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Macroinvertebrate tolerance across a range of conductivities in the Isaac River catchment (Central Queensland)
conference contributionposted on 2017-12-06, 00:00 authored by Leigh Stitz, Susan KinnearSusan Kinnear, Larelle FabbroLarelle Fabbro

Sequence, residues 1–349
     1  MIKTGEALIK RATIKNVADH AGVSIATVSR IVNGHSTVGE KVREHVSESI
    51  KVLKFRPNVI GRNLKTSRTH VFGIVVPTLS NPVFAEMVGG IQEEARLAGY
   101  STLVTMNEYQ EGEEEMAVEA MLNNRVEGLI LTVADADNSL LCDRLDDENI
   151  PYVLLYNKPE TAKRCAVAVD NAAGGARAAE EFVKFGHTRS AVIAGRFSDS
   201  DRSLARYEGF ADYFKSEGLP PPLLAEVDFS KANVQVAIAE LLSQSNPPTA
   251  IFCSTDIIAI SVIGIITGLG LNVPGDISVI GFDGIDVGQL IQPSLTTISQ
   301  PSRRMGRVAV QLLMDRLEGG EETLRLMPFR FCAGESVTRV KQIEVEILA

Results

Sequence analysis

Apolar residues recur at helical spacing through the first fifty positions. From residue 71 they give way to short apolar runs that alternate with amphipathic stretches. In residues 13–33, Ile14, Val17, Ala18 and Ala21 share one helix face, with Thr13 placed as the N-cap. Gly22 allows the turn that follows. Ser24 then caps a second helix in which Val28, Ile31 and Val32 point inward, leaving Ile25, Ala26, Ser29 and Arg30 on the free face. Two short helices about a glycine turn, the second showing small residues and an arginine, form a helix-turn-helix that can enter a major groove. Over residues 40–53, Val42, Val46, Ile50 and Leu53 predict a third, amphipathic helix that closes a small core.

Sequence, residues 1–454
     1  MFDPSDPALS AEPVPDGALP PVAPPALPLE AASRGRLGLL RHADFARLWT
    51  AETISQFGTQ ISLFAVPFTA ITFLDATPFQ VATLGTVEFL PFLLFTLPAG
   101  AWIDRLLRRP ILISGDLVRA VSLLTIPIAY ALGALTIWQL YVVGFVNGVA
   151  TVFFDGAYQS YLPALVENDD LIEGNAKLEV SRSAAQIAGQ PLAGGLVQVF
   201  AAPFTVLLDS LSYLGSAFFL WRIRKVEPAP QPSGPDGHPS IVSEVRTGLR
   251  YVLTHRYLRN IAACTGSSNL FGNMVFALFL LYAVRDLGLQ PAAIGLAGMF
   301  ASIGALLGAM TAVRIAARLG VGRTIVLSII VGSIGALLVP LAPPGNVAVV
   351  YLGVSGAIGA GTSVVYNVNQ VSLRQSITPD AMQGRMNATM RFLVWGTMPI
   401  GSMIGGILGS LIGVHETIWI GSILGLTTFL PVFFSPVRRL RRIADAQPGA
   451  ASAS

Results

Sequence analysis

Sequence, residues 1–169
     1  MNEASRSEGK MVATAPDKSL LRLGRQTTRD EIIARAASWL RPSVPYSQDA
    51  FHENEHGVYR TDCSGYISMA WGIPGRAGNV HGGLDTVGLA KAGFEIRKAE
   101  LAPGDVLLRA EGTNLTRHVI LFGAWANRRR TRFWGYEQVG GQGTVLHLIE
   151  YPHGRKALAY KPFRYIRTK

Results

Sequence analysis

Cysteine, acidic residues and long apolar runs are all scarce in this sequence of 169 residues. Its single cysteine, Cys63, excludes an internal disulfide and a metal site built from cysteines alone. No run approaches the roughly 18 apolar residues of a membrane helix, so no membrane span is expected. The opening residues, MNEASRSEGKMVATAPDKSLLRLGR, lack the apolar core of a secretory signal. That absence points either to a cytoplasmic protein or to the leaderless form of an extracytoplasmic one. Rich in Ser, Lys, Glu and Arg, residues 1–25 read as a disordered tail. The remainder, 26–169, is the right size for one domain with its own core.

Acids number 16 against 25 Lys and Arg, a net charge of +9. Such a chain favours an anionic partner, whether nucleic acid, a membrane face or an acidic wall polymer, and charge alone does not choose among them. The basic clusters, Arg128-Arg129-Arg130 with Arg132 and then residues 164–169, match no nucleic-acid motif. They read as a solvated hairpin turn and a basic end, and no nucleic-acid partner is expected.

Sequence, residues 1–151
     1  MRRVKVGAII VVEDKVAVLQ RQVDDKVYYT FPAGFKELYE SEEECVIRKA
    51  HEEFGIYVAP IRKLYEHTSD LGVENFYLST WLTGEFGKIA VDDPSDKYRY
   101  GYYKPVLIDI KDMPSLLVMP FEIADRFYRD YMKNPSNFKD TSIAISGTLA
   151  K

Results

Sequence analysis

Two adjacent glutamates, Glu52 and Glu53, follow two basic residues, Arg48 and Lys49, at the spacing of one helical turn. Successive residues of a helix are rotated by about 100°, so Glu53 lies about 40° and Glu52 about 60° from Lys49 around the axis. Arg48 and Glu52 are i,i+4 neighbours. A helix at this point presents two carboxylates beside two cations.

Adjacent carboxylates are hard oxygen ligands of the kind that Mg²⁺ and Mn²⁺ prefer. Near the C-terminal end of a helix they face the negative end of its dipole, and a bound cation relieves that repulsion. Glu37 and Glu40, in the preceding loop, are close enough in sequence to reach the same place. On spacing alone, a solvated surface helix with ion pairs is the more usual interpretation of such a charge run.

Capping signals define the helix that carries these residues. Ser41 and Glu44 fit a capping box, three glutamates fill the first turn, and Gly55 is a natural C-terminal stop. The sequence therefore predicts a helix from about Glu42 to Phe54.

Sensitive and tolerant species of macroinvertebrate were present at wide range of conductivity concentrations in the Isaac River Catchment in Central Queensland; indicating the need for further ecological studies in the field to underpin the development of regionally-tailored guidelines for conductivity levels. The Isaac Catchment has naturally high levels of conductivity, but there is also increasing pressure to ameliorate saline mine water discharge. Recently, catchment management efforts have included a revision of the broader Fitzroy-specific water quality guidelines. These include the use of macroinvertebrates as indicators of ecosystem health. Studies of macroinvertebrate tolerance to conductivity in southern freshwaters, as well as in laboratory-based ecotoxicological tests conducted in Queensland, suggest that ranges exceeding 1000 µS/cm are likely to have negative impacts on survivorship of all taxa. However, these results may not be transferable to natural populations of macroinvertebrates from the Isaac, where the naturally high-conductivity water may allow the opportunity for adaptation. To test this, macroinvertebrate assemblages were examined at a series of sites in the upper Isaac River catchment at the end of the dry season in 2012. Patterns in the assemblages were examined together with water quality parameters, in order to gauge the ability of macroinvertebrates to survive at conductivity concentrations exceeding 1,000 µS/cm. The specific conductance of the field sites ranged from 477 µS/cm to 9791 µS/cm and a total of 39 Families from 13 Orders were identified. Species richness was not significantly different between sites of differing conductivity. Macroinvertebrate populations were dominated by Dipterans as well as the traditionally more pollution-sensitive families Ephemeroptera and Trichoptera. There was an absence of any correlation between conductivity and species richness (P > 0.050), suggesting that macroinvertebrate taxa richness occurs independently of conductivity, in this cohort of mining and/or grazing influenced ephemeral systems in Central Queensland.